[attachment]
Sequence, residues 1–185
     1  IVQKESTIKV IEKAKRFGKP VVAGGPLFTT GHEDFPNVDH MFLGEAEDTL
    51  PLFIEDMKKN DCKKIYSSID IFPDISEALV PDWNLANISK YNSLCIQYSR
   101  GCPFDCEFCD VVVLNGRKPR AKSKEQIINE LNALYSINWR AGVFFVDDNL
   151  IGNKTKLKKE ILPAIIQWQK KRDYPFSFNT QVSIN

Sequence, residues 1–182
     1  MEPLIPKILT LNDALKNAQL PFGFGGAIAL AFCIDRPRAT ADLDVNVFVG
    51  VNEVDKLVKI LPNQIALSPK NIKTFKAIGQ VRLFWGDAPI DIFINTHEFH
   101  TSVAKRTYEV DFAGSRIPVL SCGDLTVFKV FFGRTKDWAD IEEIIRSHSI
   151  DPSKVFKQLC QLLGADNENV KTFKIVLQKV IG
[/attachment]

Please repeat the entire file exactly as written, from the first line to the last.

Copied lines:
Sequence, residues 1–185
     1  IVQKESTIKV IEKAKRFGKP VVAGGPLFTT GHEDFPNVDH MFLGEAEDTL
    51  PLFIEDMKKN DCKKIYSSID IFPDISEALV PDWNLANISK YNSLCIQYSR
   101  GCPFDCEFCD VVVLNGRKPR AKSKEQIINE LNALYSINWR AGVFFVDDNL
   151  IGNKTKLKKE ILPAIIQWQK KRDYPFSFNT QVSIN

Sequence, residues 1–182
     1  MEPLIPKILT LNDALKNAQL PFGFGGAIAL AFCIDRPRAT ADLDVNVFVG
    51  VNEVDKLVKI LPNQIALSPK NIKTFKAIGQ VRLFWGDAPI DIFINTHEFH
   101  TSVAKRTYEV DFAGSRIPVL SCGDLTVFKV FFGRTKDWAD IEEIIRSHSI
   151  DPSKVFKQLC QLLGADNENV KTFKIVLQKV IG